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AI for Fraud Detection to Triple by 2021

The use of AI fraud detection is predicted to triple by 2021, according to a new study from the Association of Certified Fraud Examiners (ACFE), developed in collaboration with SAS.

The Anti-Fraud Technology Benchmarking Report assessed data from more than 1000 ACFE members regarding their organizations’ use of tech to fight fraud, discovering that while only 13% of businesses currently use AI and machine learning to detect/deter fraudulent activity, another 25% plan to do so in the next year or two.

Other key findings discovered that 26% of organizations are using biometrics as part of their anti-fraud programs, with another 16% expecting to deploy biometrics by 2021, while more than half of respondents (55%) plan to increase their anti-fraud tech budgets over the next two years.

“As criminals find new ways to exploit technology to commit schemes and target victims, anti-fraud professionals must likewise adopt more advanced technologies to stop them,” said Bruce Dorris, JD, CFE, CPA, president and CEO of the ACFE. “However, which technologies are most effective in helping organizations manage rising fraud risks? The answer to this question can be crucial in successfully implementing new anti-fraud technologies.”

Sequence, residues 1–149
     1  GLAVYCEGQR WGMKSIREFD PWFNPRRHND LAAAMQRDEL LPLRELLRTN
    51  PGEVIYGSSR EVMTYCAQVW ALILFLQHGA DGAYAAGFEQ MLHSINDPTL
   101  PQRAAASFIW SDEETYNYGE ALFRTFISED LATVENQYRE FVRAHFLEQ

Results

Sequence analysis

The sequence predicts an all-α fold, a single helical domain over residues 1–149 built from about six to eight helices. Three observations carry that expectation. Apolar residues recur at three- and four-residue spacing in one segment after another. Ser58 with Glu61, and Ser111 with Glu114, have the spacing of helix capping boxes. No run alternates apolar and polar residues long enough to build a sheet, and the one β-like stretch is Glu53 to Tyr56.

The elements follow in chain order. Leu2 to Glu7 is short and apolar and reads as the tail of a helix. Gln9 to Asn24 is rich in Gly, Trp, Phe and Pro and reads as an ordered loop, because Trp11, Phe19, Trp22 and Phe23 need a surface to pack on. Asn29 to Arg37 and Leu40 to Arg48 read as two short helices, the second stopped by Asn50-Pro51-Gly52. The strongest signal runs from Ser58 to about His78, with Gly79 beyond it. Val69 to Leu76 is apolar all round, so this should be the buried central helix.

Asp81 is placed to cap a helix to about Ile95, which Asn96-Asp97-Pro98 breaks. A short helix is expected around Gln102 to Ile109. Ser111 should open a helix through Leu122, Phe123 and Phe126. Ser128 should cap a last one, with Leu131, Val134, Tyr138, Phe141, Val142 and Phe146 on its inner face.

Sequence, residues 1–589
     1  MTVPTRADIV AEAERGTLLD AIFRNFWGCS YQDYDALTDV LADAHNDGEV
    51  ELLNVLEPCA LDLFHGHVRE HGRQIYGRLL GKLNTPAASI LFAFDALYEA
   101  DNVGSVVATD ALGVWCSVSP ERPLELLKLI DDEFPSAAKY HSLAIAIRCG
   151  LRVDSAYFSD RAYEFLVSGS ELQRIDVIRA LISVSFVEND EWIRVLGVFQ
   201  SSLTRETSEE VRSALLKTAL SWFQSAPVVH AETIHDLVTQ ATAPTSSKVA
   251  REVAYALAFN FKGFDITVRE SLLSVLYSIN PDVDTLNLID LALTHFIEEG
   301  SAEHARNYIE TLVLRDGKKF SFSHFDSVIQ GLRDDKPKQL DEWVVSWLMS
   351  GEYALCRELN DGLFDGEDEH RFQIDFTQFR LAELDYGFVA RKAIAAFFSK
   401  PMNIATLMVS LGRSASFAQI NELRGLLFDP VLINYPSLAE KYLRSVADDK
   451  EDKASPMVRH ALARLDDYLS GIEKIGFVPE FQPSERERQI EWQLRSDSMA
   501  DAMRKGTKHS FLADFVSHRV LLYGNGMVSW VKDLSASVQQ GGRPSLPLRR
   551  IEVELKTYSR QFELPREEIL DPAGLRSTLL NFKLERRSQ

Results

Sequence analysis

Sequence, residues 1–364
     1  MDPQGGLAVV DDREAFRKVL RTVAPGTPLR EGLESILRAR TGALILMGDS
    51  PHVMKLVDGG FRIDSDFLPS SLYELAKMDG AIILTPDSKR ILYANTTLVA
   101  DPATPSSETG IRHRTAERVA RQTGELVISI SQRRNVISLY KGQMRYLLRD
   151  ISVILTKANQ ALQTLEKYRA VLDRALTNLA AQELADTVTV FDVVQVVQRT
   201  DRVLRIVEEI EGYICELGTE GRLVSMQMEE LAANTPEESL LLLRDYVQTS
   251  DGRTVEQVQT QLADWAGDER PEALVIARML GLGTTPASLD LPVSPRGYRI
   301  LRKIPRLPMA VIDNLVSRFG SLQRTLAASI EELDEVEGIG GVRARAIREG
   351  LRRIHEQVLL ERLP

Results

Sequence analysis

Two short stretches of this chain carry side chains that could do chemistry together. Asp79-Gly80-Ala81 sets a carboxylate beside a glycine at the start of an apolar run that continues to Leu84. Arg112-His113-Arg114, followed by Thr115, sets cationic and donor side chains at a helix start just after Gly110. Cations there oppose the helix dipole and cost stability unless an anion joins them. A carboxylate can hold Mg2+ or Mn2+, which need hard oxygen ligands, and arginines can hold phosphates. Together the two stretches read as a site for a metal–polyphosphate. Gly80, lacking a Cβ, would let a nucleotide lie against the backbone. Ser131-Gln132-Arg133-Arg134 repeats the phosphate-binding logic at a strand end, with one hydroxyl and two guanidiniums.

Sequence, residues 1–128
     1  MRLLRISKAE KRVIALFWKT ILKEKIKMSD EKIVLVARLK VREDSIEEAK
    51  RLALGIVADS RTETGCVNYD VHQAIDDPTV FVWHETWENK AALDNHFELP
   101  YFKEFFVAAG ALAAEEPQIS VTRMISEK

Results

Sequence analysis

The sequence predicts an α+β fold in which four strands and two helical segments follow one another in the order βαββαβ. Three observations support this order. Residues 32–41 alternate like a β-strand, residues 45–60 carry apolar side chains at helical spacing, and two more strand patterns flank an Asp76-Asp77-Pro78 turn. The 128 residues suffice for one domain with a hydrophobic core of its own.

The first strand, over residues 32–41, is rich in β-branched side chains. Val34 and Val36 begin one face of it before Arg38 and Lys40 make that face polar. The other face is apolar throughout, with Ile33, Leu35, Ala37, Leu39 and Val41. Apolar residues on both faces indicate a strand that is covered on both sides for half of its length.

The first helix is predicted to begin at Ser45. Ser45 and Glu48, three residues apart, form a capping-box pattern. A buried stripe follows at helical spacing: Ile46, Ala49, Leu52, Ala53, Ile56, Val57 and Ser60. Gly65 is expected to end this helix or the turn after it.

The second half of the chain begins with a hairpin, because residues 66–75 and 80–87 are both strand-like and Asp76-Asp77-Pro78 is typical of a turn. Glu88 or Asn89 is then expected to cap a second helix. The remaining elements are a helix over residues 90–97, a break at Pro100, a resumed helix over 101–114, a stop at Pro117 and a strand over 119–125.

Laurent Colombant, continuous controls and fraud manager at SAS, added: “The tools available for fraud prevention are now more intelligent than ever. We’re no longer restricted to merely reacting to fraud after it happens – with the right AI-enabled tools in place, anti-fraud teams can now begin to intelligently predict potential danger spots and flag up early warning signs to ensure efforts are co-ordinated and effective.

“The emergence of AI, machine learning and predictive modelling is helping investigators to pre-emptively detect fraudulent activity, allowing them to stay ahead of the increasingly sophisticated techniques being employed by criminals.”

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